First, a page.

Adults are the first teachers of our children. By the time a young person is 15 years old they need to know their own language at a different level. They need to have a level of understanding, of the meaning of words, and of the power of knowing. As leaders in our communities, we want our people to have a deep understanding of their own languages, our cultures and our traditions.

We also know that our people need this understanding of English Language, Literacy and Numeracy to help enable a future that we can see together, both Aboriginal and non-Aboriginal people.

These skills are needed so that we can

  • Continue to care for our country
  • Fully participate in all the jobs in our communities
  • Go on to further education
  • Talk confidently to government and services about our issues and negotiate our needs
  • Grow our own businesses that will make the future bright in our communities
  • Support our children and grandchildren in their education so they will have all the successes they deserve

This Report provides our people, the Commonwealth, NT and local governments, universities and other education and training organisations with some data that shows this is a big issue for Aboriginal people in the NT.

We ask all these people to read this Report and join with us to work through the solutions that will help improve our English Language, Literacy and Numeracy skills.

What became clear about LLN?

The work of this group was supplemented by working groups who worked on the final version of the Action Statement for Indigenous adult English LLN in the NT and the statistical overview report of English LLN in the NT.


Action Statement for Indigenous adult English LLN in the NT

Broadly, the Action Statement calls for:

  • COAG indicator for adult literacy needs to be changed - broadened –to includeliteracy beyond the workplace if we are to break the intergenerational cycle of low educational and literacy skills to support teachers, parents and families in their efforts to prevent failure and drop-out. (UNESCO policy statement No 9). There are no resources flowing for NT-wide, for community-wide or family oriented strategies.
  • A decision on which government department in the NT has responsibility for adult education, for leading change in English LLN.At present no NT department has responsibility for leading consultation and collective action to generate a long-term vision for positive change.
  • An Indigenous led long-term funded policy developed in cooperation with all areas being impacted by low levels of literacy – community services, health, law, education etc.Informed by evidence and by qualified and experience LLN practitioners.Tasmanian government has led the charge with their 26TEN state-wide – ten year funded program – they are showing that it can be done.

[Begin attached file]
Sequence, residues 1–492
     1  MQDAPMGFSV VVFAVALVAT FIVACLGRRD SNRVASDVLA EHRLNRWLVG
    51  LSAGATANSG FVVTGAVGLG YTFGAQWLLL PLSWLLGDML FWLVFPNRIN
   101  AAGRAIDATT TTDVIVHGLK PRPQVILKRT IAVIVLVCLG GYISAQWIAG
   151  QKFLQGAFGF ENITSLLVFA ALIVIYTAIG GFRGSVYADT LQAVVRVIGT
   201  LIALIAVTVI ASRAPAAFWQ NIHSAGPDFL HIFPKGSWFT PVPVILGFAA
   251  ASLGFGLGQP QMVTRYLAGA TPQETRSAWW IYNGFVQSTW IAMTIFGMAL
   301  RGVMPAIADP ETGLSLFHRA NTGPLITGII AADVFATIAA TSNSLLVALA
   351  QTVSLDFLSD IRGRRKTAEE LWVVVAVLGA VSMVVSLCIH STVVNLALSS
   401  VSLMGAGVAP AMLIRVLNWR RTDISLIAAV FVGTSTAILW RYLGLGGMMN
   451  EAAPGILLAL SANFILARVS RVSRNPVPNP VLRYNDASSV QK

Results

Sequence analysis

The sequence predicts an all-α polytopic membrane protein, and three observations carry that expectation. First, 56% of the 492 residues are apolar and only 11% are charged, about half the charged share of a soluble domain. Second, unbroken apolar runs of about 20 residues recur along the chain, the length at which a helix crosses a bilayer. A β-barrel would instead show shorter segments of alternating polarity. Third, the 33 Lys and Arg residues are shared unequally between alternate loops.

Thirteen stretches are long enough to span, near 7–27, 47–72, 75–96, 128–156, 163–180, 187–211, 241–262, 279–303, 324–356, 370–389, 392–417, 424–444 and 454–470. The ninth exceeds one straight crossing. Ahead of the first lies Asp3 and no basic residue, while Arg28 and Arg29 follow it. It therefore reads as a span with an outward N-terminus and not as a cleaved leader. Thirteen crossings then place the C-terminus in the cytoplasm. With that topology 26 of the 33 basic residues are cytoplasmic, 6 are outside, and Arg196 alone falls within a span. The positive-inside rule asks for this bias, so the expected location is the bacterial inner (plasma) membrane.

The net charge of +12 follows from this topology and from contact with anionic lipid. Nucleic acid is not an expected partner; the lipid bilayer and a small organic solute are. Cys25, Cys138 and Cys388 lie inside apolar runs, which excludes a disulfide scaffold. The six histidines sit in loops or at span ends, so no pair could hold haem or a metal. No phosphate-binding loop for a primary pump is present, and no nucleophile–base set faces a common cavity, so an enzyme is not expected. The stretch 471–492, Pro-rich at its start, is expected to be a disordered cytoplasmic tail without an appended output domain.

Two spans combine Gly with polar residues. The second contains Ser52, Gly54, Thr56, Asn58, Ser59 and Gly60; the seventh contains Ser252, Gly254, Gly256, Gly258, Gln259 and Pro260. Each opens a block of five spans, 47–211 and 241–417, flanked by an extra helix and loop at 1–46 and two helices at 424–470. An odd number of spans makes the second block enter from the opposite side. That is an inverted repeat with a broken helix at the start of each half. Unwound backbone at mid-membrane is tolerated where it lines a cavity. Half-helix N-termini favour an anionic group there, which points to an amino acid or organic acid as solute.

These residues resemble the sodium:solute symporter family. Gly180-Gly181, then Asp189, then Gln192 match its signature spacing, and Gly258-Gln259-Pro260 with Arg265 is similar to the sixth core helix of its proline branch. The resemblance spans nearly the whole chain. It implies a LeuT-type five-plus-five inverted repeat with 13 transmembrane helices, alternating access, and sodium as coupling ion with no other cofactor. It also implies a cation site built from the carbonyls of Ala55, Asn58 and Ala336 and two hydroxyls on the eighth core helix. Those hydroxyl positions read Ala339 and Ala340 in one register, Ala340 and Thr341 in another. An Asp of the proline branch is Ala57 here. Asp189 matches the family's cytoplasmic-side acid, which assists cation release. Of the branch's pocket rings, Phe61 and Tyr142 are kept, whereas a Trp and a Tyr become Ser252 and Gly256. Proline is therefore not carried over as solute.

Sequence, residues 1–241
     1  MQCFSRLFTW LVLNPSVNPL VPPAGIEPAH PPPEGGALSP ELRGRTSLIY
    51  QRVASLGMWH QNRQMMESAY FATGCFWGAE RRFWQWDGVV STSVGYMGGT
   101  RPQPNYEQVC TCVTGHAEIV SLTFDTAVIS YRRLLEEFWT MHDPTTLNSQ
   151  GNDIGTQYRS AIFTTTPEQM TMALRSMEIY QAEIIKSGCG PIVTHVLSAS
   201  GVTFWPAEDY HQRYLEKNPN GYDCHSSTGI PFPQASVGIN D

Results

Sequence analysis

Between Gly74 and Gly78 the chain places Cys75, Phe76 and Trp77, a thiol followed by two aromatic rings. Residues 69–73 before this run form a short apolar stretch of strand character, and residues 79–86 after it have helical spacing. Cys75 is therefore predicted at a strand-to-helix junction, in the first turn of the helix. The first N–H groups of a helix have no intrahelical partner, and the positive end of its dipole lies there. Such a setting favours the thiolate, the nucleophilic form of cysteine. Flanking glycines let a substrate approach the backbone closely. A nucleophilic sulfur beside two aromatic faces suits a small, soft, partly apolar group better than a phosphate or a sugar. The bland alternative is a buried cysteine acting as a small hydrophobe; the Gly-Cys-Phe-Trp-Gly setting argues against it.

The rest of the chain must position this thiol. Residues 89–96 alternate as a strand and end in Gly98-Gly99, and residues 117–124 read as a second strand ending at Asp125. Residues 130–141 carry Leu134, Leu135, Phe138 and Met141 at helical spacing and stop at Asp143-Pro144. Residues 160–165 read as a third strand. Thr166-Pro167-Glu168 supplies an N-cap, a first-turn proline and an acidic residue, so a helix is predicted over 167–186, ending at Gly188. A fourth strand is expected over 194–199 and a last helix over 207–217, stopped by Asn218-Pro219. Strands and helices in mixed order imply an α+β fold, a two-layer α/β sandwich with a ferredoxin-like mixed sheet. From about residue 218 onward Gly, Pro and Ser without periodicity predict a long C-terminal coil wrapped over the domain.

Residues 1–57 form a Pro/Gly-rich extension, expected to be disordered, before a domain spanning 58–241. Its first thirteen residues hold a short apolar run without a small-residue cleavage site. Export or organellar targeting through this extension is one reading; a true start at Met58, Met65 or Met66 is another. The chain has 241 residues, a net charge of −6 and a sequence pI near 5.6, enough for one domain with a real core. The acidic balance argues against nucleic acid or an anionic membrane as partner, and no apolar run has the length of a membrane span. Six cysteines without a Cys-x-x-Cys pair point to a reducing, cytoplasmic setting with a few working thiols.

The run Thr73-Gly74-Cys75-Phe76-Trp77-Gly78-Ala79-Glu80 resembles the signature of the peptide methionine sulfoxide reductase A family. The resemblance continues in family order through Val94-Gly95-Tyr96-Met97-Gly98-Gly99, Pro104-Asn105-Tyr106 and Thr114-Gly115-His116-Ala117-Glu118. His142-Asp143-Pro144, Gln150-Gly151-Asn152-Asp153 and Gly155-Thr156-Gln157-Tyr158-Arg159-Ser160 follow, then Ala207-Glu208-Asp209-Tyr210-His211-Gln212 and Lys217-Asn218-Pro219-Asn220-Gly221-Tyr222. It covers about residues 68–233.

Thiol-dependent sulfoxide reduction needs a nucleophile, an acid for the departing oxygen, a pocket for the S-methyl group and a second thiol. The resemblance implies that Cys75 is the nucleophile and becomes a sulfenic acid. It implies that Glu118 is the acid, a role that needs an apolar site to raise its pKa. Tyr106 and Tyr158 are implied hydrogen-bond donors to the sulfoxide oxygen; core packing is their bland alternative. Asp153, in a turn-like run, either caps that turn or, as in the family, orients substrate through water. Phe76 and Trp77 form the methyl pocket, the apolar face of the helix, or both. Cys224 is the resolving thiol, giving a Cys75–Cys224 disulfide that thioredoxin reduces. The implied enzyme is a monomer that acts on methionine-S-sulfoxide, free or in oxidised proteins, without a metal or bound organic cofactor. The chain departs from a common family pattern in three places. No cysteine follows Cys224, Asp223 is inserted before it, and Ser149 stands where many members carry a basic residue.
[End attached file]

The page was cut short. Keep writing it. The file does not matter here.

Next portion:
• Practically -we need a strategy and a plan for organisations to implement simple English -Government departments and other organisations in the NT – in forms, policy, signage and messaging -to increase accessibility in the short term.Keep it simple.
  • An economic study of the impact of Low levels of LLN and the benefits of improvement – a cost benefit analysis

The Statistical Report on Indigenous adult LLN in the NT

There is no comprehensive source of English LLN statistical data available for the Indigenous adult population of NT. The international LLN survey (PIAAC) did not sample in very remote Australia, and did not cover populations living in discrete Aboriginal and Torres Strait Islander communities. This significantly impacts the utility of the data for the NT and disproportionately affects data for the Aboriginal and Torres Strait Islander population.

The SPP on English LLN has worked with a statistician to jointly produce a statistical report on English LLN in the NT.This incorporates analysis of Australian Core Skills Framework (ACSF) data from a range of LLN providers such as CDU, Batchelor Institute, Arnhem Land Progress Association, and others.

The Simple English, pictorial report was launched at the September 2017 workshop, and is available for use within the University to support the Post Graduate Diploma on adult Language Literacy and Numeracy Skills Development and presentations to organisations, agencies and indigenous boards.

A statistical overview Report on Indigenous adult LLN in the NT, Fiona Shalley and Allison Stewart, Office of the Pro Vice Chancellor of Indigenous Leadership, CDU, September 2017.


29 November 2017

Team Member Reflection: Terry Moore

Team Member Reflection: Terry Moore

​I joined the team in April 2016, just in time for the team meeting at Tennant Creek, where it was realised that the team needed someone to analyse the data that was being generated across the different communities.

Charles Darwin UniversityAustralian Centre for Indigenous Knowledges & EducationBatchelor InstituteNAILSMANTG

© 2015 Charles Darwin University

Website created by Dash Media Darwin.